Disruption Recovery in Passenger Railways. International Survey

Document Type

Journal Article

Publication Date


Subject Area

mode - bus, mode - rail, operations - performance, place - australasia, place - europe, place - north america


unplanned service disruptions, management, parallel transit systems, bus bridging


This research paper explores the manner in which passenger rail transit organizations plan for and manage unplanned service disruptions through an international survey of practices. The research reported here included semistructured interviews of those staff responsible for service disruption management within 71 international transit agencies. Results suggested that 20% of agencies had parallel transit systems that could be used by commuters whose service was disrupted. Most of these systems existed in inner-city contexts. Track intrusions, medical emergencies, weather extremes, and track and rolling stock failures were common causes of unplanned disruptions. Bus bridging was the most common response to line blockages, while transfer of passengers to the next train was the most common approach to individual rolling stock failures. Track crossovers were widely seen as critical to manage responses to disruptions. A small minority, mostly in cold climates, also saw crossovers as a cause of unplanned failures. Most agencies used spare buses as bus-bridging vehicles. Only 45% actively retracted buses from existing scheduled bus services. Some of these agencies did acknowledge that retraction often was done in extenuating circumstances, however. Rarely did agencies have a strategic reserve of buses for bus-bridging purposes. This paper discusses the implications of the study findings for further research and practice. This paper also documents that all responses to unplanned disruptions can be categorized according to the key disruption characteristics of duration, cause, time, and location, and it provides a typology of response mechanisms on the basis of such characteristics.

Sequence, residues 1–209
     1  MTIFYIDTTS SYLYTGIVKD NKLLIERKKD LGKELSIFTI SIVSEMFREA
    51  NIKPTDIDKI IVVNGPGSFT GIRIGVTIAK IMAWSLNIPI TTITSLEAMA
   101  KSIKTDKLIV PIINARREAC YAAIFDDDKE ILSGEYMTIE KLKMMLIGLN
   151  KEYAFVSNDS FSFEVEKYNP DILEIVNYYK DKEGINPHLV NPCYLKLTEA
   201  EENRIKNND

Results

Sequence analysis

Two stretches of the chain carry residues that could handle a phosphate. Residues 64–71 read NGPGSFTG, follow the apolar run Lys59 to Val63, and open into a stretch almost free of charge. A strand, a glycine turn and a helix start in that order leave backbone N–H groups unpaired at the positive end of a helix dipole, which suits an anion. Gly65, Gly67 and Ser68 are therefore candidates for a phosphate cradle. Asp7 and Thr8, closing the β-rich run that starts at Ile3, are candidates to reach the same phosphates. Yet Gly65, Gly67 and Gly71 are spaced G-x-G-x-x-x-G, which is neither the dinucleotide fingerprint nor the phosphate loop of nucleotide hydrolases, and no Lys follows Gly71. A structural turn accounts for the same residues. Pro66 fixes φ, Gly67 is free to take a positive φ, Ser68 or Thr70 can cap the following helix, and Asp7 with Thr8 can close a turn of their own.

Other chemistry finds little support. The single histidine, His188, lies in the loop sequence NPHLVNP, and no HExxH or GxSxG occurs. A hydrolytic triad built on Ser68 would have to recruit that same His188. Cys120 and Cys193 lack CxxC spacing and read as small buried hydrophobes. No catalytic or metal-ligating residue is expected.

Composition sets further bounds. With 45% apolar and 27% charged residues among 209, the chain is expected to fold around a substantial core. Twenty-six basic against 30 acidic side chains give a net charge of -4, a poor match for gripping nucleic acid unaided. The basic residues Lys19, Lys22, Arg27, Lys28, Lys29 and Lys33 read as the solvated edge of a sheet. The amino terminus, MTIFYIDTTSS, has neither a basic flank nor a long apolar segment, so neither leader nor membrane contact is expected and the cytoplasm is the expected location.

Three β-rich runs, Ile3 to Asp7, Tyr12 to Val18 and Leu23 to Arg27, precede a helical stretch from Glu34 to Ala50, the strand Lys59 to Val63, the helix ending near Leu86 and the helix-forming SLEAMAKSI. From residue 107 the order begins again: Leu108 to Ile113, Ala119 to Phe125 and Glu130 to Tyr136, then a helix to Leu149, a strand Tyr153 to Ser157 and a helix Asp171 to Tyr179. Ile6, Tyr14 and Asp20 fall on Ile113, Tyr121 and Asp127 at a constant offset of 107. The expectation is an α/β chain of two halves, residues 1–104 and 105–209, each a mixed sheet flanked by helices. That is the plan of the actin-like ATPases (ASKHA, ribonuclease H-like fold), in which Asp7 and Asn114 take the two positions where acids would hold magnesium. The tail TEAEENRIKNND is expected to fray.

Permission to publish the abstract has been given by Transportation Research Board, Washington, copyright remains with them.